The Cosmos with IC 2631

A newly formed star lights up the surrounding cosmic clouds in this image from ESO’s La Silla Observatory in Chile. Dust particles in the vast clouds that surround the star HD 97300 diffuse its light, like a car headlight in enveloping fog, and create the reflection nebula IC 2631. Although HD 97300 is in the spotlight for now, the very dust that makes it so hard to miss heralds the birth of additional, potentially scene-stealing, future stars.

IC 2631 (also known as Ced 112) is a reflection nebula in the southern constellation Chameleon . The nebula was discovered by the astronomer DeLisle Stewart in 1900 during a stay in Peru and later listed by Johan Ludvig Emil Dreyer in his index catalog .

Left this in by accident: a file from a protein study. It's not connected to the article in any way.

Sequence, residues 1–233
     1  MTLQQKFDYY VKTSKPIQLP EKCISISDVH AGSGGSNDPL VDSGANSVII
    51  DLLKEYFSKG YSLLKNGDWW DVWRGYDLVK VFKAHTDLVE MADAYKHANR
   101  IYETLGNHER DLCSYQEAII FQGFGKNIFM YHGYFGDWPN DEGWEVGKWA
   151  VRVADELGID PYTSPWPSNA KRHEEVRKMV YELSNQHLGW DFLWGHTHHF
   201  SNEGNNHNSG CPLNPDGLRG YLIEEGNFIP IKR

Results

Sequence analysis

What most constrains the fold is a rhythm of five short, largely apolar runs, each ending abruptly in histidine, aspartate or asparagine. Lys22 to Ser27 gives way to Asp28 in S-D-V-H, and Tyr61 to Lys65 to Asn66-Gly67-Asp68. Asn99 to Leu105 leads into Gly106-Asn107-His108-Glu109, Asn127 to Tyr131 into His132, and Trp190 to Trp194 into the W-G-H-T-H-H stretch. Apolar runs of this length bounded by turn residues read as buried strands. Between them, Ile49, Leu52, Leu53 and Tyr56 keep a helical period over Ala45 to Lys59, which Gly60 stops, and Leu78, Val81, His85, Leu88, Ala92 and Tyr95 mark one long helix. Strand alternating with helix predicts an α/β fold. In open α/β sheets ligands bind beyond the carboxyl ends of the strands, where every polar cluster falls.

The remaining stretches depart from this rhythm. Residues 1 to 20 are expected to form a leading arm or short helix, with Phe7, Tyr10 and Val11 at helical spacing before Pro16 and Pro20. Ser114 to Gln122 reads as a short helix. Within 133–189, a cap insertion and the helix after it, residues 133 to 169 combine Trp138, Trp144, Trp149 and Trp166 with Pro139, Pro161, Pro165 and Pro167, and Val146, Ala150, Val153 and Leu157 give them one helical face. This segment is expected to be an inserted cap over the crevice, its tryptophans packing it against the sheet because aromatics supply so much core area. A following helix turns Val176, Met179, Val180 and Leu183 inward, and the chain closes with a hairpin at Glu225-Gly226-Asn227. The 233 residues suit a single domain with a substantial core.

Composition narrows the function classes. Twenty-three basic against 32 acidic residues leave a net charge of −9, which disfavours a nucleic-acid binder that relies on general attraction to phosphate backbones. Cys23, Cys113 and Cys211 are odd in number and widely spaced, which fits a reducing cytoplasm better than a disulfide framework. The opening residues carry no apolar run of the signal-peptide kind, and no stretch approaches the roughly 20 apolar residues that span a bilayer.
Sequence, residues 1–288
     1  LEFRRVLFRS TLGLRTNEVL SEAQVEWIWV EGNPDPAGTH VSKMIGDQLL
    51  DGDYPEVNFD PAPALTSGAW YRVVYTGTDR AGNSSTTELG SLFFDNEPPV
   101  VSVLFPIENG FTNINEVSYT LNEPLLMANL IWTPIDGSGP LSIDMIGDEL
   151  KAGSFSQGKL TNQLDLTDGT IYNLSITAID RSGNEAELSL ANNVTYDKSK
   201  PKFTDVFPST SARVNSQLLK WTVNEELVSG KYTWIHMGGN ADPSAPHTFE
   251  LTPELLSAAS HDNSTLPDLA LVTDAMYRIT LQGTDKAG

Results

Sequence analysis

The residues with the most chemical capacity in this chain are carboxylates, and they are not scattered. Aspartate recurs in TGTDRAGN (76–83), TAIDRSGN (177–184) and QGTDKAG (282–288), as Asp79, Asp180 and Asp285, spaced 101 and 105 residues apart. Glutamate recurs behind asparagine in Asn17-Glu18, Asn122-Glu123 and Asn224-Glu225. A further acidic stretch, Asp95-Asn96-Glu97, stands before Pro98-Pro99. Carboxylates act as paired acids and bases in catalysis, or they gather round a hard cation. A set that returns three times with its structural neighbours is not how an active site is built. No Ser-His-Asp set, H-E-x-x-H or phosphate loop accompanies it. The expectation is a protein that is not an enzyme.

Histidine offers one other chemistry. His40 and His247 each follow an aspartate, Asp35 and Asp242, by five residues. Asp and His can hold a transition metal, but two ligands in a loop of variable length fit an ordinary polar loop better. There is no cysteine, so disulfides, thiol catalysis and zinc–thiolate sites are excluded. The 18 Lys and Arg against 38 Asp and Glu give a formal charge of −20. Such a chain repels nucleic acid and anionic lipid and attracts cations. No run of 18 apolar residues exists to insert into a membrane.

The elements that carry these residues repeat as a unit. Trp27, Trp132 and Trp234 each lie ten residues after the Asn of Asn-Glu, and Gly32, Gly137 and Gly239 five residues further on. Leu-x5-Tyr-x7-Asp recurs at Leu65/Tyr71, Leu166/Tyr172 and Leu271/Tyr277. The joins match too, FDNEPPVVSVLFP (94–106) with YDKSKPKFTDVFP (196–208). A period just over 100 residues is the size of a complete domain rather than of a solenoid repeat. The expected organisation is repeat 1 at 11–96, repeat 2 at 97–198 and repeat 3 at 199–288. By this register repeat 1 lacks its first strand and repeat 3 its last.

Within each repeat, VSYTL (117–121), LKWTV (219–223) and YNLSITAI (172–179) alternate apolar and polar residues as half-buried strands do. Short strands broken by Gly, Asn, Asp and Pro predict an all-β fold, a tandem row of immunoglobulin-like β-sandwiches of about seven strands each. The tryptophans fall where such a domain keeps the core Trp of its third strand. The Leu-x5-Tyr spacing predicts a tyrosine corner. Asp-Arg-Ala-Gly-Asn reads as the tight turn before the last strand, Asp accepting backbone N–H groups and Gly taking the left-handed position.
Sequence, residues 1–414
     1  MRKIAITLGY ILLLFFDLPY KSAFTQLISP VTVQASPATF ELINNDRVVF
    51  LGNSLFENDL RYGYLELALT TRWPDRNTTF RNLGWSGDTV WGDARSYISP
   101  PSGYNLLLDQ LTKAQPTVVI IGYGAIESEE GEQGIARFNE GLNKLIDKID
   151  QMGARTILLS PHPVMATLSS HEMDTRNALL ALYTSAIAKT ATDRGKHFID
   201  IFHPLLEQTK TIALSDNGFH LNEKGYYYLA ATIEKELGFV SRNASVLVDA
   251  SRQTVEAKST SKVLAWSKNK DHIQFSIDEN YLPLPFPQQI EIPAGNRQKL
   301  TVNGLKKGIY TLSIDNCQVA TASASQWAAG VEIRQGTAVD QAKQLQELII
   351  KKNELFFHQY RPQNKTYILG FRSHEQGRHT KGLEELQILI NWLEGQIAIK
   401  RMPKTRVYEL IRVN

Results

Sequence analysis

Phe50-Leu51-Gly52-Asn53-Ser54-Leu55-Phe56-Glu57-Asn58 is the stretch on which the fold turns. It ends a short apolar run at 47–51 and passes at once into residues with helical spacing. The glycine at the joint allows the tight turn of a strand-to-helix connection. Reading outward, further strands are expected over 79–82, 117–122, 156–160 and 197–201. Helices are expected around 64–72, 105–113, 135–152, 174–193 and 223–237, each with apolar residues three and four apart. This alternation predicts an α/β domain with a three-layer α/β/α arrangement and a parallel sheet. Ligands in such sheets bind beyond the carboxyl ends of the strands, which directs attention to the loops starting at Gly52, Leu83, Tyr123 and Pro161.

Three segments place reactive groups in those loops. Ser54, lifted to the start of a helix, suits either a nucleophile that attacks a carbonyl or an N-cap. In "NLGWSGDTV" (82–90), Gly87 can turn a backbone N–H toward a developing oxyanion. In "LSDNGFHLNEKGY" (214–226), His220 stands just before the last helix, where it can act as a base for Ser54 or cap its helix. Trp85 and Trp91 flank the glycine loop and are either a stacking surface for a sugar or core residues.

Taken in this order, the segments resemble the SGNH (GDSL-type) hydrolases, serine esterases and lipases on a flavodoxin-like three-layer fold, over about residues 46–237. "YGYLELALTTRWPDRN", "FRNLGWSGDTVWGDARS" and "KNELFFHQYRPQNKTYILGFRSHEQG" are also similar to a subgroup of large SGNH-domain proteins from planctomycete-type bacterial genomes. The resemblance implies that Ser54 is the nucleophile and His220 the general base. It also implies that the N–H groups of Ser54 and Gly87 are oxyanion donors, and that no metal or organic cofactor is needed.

The reflection nebula IC 2631 is 520 light-years from Earth and the brightest part of the chameleon cloud, a molecular cloud that creates star-forming phenomena and hosts low-mass stars. This cloud is of great importance in studying the formation of planets and brown dwarfs . The star responsible for illuminating towards the IC 2631 is the young star HD 97300. He is a T Tauri star with infrared emissions, to the point where he received the initials Ced 112 IRS Has. This star is part of the group Chamaeleon T1, a group of T-Tauri stars, and is physically bound in the Chamaeleon cloud in which it was formed. This cloud, which forms the northernmost portion of the chameleon cloud, is the one that shows the greater star-forming activity embedded in the entire system to which it belongs.


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